Why the Inquiry?

We are aware of the increasing unease, even among psychiatrists, about the use ‘schizophrenia’ or ‘psychosis’ to describe complex problems of living. More importantly, when these are used as labels attached to people, they can cause serious problems through increasing stigma and undermining the humanity of people given these labels.  Indeed, some people seem to suffer from the labels more than they do from other problems of living. Black people in Britain seem to suffer disproportionately in this way.

In December 2011 we noted the launch of a project called ‘Schizophrenia Commission’ and saw how it was set up without much discussion with service user/survivor organisations and organisations working with black and minority ethnic communities. It seemed to be dominated by a unit that researches ‘psychosis’ and structured in a narrow medical framework that accepts diagnoses as valid ways of labelling people. We felt that the time was right to launch an inquiry into the ‘schizophrenia’ label.  And, when we found that such an inquiry was strongly supported by many organisations and individuals, and that many of them were actually willing to do so publicly by allowing us to include their names on our website, we decided to go ahead, raising funds for our expenses as we went along.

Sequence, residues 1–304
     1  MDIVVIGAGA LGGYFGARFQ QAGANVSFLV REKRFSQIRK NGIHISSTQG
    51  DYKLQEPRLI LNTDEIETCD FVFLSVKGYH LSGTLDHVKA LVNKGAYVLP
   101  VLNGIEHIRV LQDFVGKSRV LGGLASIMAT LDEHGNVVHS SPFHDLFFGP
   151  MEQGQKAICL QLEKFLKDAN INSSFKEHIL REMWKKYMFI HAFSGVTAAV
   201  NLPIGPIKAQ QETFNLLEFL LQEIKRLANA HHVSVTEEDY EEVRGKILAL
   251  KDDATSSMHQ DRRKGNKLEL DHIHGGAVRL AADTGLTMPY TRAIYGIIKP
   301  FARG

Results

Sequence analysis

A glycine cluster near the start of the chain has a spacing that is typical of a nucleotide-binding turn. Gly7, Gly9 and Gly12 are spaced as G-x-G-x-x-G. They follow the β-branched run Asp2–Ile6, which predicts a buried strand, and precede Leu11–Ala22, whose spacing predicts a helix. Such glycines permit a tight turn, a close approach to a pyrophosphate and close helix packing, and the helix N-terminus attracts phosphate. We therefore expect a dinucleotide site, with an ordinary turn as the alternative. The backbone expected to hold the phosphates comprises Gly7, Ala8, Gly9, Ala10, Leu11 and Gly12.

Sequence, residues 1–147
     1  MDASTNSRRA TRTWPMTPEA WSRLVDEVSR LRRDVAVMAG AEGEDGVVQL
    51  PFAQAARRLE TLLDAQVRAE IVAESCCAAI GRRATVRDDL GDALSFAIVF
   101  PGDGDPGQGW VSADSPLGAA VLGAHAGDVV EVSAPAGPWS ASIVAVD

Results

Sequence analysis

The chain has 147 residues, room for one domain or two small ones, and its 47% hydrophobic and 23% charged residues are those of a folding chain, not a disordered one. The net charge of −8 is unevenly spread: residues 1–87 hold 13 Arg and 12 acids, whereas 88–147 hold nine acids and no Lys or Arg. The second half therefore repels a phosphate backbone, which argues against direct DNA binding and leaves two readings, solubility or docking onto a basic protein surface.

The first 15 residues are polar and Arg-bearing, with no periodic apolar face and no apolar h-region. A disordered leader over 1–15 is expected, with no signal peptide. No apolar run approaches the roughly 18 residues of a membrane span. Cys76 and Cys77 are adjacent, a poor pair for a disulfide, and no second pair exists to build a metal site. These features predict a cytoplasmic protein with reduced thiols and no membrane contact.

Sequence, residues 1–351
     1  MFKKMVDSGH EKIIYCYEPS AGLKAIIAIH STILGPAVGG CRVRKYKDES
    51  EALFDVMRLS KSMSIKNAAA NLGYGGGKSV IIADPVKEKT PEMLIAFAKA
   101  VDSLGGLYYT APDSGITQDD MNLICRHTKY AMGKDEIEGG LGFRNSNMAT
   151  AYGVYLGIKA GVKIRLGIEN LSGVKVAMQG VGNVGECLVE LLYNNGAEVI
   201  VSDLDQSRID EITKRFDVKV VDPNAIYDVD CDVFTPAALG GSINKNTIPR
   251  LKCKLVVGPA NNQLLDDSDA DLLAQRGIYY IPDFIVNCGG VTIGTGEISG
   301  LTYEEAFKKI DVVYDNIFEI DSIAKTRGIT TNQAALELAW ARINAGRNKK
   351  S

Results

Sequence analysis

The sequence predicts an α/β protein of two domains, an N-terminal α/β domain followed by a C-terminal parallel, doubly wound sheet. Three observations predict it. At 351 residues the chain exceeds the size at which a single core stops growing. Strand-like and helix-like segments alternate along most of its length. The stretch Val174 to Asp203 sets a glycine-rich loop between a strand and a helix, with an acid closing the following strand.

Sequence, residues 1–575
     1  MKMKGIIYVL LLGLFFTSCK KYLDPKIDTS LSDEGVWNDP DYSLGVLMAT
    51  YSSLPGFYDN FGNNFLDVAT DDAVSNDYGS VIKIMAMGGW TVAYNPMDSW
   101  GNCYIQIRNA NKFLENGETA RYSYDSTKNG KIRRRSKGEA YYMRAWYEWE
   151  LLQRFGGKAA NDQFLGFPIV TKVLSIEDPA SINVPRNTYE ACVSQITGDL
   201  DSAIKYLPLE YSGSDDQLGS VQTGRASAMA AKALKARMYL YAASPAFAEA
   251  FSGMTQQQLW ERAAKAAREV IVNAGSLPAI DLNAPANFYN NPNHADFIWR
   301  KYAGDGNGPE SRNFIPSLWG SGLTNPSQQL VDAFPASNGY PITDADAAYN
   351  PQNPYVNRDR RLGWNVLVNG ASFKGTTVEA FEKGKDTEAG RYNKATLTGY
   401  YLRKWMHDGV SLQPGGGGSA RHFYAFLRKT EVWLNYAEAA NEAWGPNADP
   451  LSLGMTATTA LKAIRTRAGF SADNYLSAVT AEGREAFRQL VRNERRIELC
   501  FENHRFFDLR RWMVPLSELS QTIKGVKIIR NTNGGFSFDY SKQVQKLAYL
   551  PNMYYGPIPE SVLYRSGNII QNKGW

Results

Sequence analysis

Current practice in the UK

The use of the label ‘schizophrenia’ carries on in psychiatric research, as well as in clinical practice and guidelines, such as those issued by NICE. It thus continues to have a great deal of influence. In view of the problems with the label, psychiatrists have come under pressure to abandon its use as a diagnosis, with the result that ‘psychosis’ is being used more generally to label the people who would otherwise be labelled with ‘schizophrenia’. Hence the Inquiry will include the label ‘psychosis’ as implying ‘schizophrenia’.